There’s a Wrong Way to Play Catch? Who Knew!!

By Steve Hayward
Founder, Baseball Health Network

Steve Hayward Baseball Instructor and Founder of Baseball Health Network

It’s a storied tradition – kids throwing the ball in the yard with a parent or friend, with a teammate at a practice or games. Simple skill – I throw the ball to my partner and he catches it; he throws it back and I catch it.

Unfortunately many of us know that this is not nearly the reality. There was even a funny Volkswagen Super Bowl commercial that showed a father and son attempting to play catch, both with identically horrific throwing mechanics.

The fact is, playing catch is the most under-developed and under-coached skill in baseball. It’s usually the first thing we do at the beginning of every practice and game. Far too often, we send our players down the foul lines, without any coaches or guidance, and tell them to start throwing.

For nearly 20 years, I have watched players from youth right up to college level play catch with poor focus, intent and throwing mechanics. There is no attention to detail, just kids “flinging” the ball around, “getting their arm lo

ose.” It’s one of those things that gets me the most aggravated, because it’s not hard to fix. Yes, getting your arm loose is one of the goals but improving and feeling the efficiency of your throwing motion is what’s most important.

Properly aligning your body towards the target,

striding straight to your target

feeling your hands break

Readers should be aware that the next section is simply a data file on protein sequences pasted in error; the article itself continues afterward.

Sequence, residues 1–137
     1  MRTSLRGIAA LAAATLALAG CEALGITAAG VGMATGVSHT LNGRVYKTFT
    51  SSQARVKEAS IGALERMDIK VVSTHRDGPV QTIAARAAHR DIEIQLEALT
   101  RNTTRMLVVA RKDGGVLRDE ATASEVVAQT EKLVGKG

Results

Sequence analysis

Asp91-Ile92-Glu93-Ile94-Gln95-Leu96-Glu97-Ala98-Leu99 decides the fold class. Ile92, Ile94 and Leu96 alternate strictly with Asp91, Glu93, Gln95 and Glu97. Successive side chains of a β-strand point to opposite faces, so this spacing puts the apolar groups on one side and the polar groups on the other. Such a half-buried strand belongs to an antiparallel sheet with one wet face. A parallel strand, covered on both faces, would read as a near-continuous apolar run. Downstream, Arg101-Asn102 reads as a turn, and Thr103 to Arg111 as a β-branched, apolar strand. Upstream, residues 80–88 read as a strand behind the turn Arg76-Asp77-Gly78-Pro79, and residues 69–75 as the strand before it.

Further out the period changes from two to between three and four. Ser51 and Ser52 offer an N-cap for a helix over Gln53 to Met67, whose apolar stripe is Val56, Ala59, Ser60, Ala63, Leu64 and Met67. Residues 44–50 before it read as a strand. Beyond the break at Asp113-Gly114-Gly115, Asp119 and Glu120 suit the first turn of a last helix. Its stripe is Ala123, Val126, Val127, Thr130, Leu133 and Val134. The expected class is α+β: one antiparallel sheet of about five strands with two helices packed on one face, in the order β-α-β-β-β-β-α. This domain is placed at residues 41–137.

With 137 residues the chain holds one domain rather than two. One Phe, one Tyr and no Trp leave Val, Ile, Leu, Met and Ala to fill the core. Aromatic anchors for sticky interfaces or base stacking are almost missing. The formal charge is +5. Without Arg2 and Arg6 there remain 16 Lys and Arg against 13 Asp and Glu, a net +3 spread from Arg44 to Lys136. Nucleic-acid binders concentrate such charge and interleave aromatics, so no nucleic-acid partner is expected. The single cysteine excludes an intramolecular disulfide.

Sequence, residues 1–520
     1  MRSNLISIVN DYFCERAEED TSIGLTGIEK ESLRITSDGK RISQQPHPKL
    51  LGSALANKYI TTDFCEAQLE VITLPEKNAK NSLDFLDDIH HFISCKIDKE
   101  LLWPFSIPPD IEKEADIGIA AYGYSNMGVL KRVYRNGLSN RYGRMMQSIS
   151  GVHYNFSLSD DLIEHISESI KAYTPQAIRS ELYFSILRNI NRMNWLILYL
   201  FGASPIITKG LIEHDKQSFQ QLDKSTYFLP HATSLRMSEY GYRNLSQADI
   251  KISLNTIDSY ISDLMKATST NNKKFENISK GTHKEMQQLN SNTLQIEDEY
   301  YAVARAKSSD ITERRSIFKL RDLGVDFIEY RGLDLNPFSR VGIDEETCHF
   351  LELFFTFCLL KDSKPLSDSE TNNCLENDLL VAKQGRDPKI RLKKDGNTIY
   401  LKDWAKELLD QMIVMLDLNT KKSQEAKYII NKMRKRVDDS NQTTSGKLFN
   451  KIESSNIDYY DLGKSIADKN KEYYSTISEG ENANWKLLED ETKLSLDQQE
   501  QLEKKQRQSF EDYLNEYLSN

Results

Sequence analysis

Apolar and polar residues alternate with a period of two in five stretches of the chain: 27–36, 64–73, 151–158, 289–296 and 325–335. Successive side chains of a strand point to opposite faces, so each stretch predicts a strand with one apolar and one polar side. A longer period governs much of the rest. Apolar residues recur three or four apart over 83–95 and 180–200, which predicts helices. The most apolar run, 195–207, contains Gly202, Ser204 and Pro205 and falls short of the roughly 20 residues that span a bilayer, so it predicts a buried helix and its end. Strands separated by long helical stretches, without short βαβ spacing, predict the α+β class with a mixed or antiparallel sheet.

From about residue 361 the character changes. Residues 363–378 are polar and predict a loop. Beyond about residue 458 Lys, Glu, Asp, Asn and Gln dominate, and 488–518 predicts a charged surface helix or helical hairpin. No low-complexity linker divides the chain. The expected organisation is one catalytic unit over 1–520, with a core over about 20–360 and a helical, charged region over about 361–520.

making sure your arm action is clean and smooth

that your hips rotate before your shoulders

driving your momentum towards your target

and feeling your fingers working through the center of the ball

with tight rotation to your partner’s chest

with a good arm finish.

THAT is what needs to be stressed to our players, EVERY DAY!

As you’re probably aware, we are three years into a nationwide arm injury epidemic. Players as young as 12 are getting Tommy John Surgery, and thousands of younger kids (8-14) are suffering growth plate injuries, which can potentially, permanently affect the growth of the limb. Rotator cuff and labrum surgeries are shoulder injuries that are very difficult to return to 100%, if at all. These are obviously very serious issues.

Then we have less serious injuries that are not season-ending or career-threatening but are causing players pain and discomfort, causing them to miss practice and games.


PLEASE take it from me, a guy who has been creating throwing rehabilitation plans for injured players for 16 years, if we teach kids to play catch properly from the earliest levels, we can begin to reverse this epidemic. We should be teaching players to use more of their body to throw the ball, minimizing the workload on the shoulder and elbow, thus minimizing stress and damage. Damage is cumulative; these injuries don’t just happen on just one pitch or a single throw. They develop over the course of time. Everyday we skip a sufficient warm-up and throw with poor mechanics we are increasing the likelihood of a doctor’s visit, possibly even the operating room.

If you’re a serious baseball player, coach or parent, stressing the importance of playing catch the right way everyday is the key to arm health. How much, how far and what intensity level you throw at, is determined by how your arm feels that day. And trust me, your arm will not always feel great. “There is Healing Power in Throwing,” so the ability to assess how your arm feels on a daily basis and give it the right type of throwing it needs to feel better, is essential to staying healthy and on the field having fun.

Just like any other skill or talent, the more often you do it right, the quicker and more efficient it will become to you. Many players do things right when they’re being watched, but it’s what you do when nobody’s watching that truly dictates what type of player you are.




Angela Weight

Founder and publisher of Travel Ball, Angela Weight is still a little shocked to be running one of the most popular youth sports parenting sites on the web. Click the ABOUT US tab to read her story.

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